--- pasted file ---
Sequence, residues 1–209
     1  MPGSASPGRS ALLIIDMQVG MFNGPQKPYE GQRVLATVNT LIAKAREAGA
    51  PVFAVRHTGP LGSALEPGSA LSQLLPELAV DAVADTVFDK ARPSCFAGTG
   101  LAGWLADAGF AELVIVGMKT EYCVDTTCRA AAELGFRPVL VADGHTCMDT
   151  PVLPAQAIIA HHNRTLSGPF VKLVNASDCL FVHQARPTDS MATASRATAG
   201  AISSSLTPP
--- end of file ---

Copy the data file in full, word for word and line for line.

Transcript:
Sequence, residues 1–209
     1  MPGSASPGRS ALLIIDMQVG MFNGPQKPYE GQRVLATVNT LIAKAREAGA
    51  PVFAVRHTGP LGSALEPGSA LSQLLPELAV DAVADTVFDK ARPSCFAGTG
   101  LAGWLADAGF AELVIVGMKT EYCVDTTCRA AAELGFRPVL VADGHTCMDT
   151  PVLPAQAIIA HHNRTLSGPF VKLVNASDCL FVHQARPTDS MATASRATAG
   201  AISSSLTPP